AT&T has apparently figured out the key to lawmaker hearts: U.S. jobs.

The telecommunications company has committed to bringing 5,000 jobs back to the United States if its proposed merger with T-Mobile USA is approved and finalized. AT&T says the jobs will be in wireless call centers, and will bring back positions that were previously outsourced abroad.

AT&T also says it will commit to maintaining its and T-Mobile's more than 25,000 call-center jobs already in the U.S. The planned move -- cited by the company was one of the biggest job installments since the financial crisis -- is an effort by AT&T to soothe lawmakers struggling with approval of the proposed merger with T-Mobile USA.

For example, one lawmaker, Sen. Al Franken, a Democrat from Minnesota, wrote in a letter to two federal regulators reviewing the ATT&T-T-Mobile deal that it is fair to assume that layoffs constitute a substantial portion of the deal's promised cost savings. Other politicians have also expressed concern over the proposed merger.

But AT&T announced Wednesday that company plans to make an aggressive commitment to jobs -- saving those call-center jobs already in place in the U.S. and bringing back 5,000 previously sent abroad.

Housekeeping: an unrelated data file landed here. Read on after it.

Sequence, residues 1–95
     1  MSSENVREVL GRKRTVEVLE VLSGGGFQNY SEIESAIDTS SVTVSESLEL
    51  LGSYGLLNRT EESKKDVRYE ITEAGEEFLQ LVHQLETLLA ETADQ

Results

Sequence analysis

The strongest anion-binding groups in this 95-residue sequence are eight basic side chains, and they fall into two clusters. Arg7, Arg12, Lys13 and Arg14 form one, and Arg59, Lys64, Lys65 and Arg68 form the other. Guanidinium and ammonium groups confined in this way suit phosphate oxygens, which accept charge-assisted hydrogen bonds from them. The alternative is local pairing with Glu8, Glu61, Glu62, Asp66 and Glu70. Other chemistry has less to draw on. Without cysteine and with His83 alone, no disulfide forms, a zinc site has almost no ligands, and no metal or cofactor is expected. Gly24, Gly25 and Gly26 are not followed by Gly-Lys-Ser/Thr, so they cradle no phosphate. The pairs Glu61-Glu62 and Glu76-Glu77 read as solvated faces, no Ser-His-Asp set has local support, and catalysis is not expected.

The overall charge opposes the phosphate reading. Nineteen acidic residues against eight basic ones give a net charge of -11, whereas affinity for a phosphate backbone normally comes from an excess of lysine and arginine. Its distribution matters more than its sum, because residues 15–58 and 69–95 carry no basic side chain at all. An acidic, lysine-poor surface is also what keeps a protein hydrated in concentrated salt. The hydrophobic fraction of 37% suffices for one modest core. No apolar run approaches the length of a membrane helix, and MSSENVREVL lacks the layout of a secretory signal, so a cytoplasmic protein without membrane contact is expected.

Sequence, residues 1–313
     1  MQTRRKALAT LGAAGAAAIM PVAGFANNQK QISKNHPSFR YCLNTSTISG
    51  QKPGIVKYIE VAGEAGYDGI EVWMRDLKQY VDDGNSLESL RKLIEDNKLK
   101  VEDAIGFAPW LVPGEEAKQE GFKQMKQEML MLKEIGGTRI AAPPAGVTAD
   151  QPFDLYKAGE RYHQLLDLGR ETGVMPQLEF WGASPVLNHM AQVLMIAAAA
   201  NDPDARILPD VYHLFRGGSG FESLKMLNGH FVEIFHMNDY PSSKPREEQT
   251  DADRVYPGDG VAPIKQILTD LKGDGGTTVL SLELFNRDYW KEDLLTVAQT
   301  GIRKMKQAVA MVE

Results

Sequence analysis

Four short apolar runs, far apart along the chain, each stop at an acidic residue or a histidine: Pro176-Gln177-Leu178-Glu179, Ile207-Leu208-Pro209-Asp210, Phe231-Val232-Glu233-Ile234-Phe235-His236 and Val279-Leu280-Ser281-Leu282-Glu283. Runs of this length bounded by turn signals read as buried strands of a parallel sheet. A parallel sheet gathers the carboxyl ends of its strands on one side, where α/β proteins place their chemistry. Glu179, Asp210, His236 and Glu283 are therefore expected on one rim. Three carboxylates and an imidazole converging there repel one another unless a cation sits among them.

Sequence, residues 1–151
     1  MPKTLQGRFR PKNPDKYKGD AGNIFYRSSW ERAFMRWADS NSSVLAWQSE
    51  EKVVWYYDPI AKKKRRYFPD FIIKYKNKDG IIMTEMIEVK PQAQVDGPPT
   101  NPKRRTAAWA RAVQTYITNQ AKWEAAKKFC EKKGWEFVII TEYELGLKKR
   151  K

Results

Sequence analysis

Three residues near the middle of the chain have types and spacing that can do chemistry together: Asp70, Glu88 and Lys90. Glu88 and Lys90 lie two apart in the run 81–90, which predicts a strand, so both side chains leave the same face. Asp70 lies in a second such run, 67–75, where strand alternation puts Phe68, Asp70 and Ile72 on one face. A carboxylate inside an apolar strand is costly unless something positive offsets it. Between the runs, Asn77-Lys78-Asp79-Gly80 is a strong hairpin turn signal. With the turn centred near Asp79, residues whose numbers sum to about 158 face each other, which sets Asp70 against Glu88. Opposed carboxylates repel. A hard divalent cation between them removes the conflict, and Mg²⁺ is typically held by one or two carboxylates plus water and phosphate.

Does this shore up an issue that people have? Randall Stephenson, AT&T's chief executive, said in an interview with The New York Times on Tuesday. Sure, I hope it does.

Analysts have become uncertain AT&T's merger with T-Mobile will be approved in the past month, amid lawmaker concern and close federal regulator scrutiny. One survey by Stifel Nicolaus & Co. of 32 industry observers found that sentiment that the deal will be cleared has slipped since July, as fewer than half queried said they thought the deal will ultimately be approved.

At a time when many Americans are struggling and our economy faces significant challenges, we're pleased that the T- Mobile merger allows us to bring 5,000 jobs back to the United States and significantly increase our investment here, AT&T Chairman and Chief Executive Officer Randall Stephenson said in a statement.

The purchase, if approved, would combine the second- and fourth-largest mobile-phone carriers in the U.S., eclipsing current No. 1 Verizon in size.

AT&T said the commitment to bring back 5,000 call center jobs to the U.S. is the largest effort by a single American company to bring jobs back to the U.S. since the economic crisis began in 2008.

The company noted in a release that many elected officials have endorsed benefits of the proposed merger, as have labor unions and companies including Facebook, Microsoft, Yahoo and Oracle.